Each year, the United Kingdom produces over 200 million tons of construction and demolition waste, according to the DEFRA. The UK is not unique, however, as countries like America, China, and India also lead in construction waste figures. As awareness of climate change has sparked worldwide interest in sustainable architecture and interior design, industrial aesthetics are seeing increasing adoption both commercially and at home.
The important design choices
Colors are an important part of industrial design. Typically, neutral tones of gray, black, and white are chosen. This is contrasted well by vibrant art, however, which can brighten the room and give it personality. While the industrial design does tend towards clutter-free, clean surfaces, some accessorizing can work. This is especially true when furnishings are sourced from antique stores, which often represent goldmines for industrial design, maintaining the principle of reuse and sustainability with the added benefit of provincial furnishings.
Similarly, reclamation and scrap yards often contain brilliant materials and decorative pieces. As more and more construction sites become “ecocentric”, reclaimed materials and parts used in the industrial design should become easier than ever to source. Wall art is becoming an increasingly important part of modern industrial design and is the perfect platform for reclaimed metal and machinery. Many industrial homes now feature engine blocks or factory machinery parts as wall art, putting an emphasis on the aesthetic.
Walls are one of the most important parts of any industrial home. Often inspired by the aesthetic of New York lofts, clean brick-effect tiles are a favorite for industrial designers. Repurposed architecture is the pinnacle of industrial design, where renovated factories and mills represent the ideal home. With the right choices in wall finishings, this look can be captured in any home, however. Neutral tones such as gray and white work perfectly for tiled walls, providing the clean industrial look required.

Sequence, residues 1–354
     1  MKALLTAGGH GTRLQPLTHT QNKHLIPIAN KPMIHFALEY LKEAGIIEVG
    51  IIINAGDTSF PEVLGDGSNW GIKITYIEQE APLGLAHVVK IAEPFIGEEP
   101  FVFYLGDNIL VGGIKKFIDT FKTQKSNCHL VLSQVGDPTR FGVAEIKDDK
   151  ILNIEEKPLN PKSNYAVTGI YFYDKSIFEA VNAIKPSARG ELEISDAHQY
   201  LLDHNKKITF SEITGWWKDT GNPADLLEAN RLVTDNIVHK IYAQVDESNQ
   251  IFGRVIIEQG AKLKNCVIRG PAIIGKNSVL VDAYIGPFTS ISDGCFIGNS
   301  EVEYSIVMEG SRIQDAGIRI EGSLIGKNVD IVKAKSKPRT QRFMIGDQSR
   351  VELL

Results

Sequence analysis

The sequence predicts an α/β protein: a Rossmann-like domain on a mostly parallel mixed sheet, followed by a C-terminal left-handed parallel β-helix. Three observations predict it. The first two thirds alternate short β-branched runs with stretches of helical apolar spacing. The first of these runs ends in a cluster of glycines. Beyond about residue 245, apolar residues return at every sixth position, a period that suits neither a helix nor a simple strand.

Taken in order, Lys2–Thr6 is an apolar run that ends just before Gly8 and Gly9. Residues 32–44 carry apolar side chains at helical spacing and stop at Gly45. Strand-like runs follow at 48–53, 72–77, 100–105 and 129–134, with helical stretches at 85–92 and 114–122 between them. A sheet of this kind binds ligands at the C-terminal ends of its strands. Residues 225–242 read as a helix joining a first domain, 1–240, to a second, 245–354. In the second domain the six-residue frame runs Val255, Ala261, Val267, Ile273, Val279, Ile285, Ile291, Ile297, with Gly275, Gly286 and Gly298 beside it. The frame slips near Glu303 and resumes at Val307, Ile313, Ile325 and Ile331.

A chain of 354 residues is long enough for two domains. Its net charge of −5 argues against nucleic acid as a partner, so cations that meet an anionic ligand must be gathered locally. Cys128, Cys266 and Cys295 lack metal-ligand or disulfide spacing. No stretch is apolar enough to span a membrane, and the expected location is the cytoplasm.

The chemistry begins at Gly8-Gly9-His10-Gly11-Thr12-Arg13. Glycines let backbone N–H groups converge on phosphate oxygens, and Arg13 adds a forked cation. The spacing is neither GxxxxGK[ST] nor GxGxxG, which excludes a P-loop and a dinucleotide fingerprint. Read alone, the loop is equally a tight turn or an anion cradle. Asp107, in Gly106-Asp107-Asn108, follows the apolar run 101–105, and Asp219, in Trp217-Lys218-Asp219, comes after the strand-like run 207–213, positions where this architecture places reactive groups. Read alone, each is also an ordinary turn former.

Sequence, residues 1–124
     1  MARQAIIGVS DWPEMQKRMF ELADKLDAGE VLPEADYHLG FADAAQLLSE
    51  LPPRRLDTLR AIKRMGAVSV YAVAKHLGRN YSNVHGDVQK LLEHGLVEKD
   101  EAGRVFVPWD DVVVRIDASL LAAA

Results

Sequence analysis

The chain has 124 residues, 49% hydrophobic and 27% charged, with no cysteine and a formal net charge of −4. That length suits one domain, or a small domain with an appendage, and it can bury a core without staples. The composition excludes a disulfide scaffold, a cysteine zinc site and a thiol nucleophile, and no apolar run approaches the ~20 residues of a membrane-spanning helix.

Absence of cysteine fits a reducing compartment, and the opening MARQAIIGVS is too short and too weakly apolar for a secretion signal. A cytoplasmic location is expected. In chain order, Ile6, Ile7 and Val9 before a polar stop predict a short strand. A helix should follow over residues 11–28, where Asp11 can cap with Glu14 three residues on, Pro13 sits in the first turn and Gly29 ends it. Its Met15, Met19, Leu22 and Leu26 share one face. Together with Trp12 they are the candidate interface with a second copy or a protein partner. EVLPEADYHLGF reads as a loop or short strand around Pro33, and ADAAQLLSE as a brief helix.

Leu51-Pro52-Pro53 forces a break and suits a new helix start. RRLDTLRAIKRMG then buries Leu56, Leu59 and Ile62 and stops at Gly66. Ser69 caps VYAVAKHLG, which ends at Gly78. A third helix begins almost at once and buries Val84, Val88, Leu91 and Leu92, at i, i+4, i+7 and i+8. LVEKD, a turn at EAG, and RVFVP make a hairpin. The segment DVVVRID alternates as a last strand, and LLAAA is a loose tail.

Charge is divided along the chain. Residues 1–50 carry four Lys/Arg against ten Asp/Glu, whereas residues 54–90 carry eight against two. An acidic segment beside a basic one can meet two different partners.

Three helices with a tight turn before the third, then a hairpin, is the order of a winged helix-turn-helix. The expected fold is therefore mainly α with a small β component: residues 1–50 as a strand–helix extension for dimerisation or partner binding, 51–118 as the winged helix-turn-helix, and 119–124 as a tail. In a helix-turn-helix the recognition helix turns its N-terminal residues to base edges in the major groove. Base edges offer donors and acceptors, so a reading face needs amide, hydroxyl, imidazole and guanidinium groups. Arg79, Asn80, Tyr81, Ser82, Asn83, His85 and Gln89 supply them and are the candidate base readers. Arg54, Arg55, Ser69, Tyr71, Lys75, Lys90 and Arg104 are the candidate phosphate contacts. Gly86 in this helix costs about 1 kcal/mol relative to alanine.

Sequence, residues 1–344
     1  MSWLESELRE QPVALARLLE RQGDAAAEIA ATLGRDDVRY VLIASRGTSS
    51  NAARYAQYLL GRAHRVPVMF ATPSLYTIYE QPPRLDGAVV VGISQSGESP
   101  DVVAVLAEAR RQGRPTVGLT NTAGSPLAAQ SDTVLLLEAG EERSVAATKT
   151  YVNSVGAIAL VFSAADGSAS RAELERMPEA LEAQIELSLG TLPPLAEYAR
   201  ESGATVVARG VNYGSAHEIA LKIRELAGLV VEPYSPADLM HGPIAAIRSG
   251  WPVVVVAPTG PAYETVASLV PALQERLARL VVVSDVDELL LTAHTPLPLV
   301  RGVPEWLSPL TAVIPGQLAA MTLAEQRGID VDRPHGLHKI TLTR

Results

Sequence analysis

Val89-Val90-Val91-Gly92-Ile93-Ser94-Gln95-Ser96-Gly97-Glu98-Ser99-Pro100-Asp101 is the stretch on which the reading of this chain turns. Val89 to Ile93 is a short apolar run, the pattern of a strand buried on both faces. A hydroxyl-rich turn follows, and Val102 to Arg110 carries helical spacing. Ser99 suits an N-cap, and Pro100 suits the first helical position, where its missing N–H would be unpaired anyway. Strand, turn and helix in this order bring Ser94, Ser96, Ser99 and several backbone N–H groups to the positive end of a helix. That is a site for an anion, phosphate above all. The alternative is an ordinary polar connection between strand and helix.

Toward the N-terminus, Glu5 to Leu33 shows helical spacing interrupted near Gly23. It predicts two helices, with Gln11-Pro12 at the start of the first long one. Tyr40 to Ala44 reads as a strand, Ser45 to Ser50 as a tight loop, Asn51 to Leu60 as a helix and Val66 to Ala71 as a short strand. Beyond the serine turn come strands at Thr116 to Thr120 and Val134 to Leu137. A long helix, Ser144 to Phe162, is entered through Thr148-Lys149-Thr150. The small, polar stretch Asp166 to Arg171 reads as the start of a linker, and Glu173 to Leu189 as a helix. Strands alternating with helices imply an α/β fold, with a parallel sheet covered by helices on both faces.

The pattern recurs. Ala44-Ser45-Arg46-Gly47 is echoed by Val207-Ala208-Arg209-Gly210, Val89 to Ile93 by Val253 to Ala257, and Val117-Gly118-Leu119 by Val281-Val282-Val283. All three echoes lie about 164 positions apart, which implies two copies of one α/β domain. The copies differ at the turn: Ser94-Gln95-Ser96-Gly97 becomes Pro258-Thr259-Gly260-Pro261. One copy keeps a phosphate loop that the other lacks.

Finding potential in reclaimed materials
At its heart, industrial design is all about repurposing leftover materials. Modern designs favor the use of factory materials and repurposed piping. You’d be surprised by how versatile lead piping and rustic wood can be. Piping can be used to build shelving and furniture frames, producing a sturdy, eco-friendly, and aesthetically pleasing set. Traditional bed frames can be costly and may be made using toxic glues. Wooden cargo pallets make a brilliant substitute if properly cleaned and treated. These pallets often are left to waste after being used, making the perfect candidate for industrial decor. They can be stacked to make a bed frame of any desired height, and the gaps are great for housing baskets or LEDs.
Industrial design is one of the most accessible and eco-friendly choices popular in modern interior design. With awareness of construction and demolition waste increasing, it is only becoming a better option as materials that would have gone to waste become easier to the source. With some DIY knowledge and research, this style shines, as the versatility of materials like piping and reclaimed wood create near-endless potential.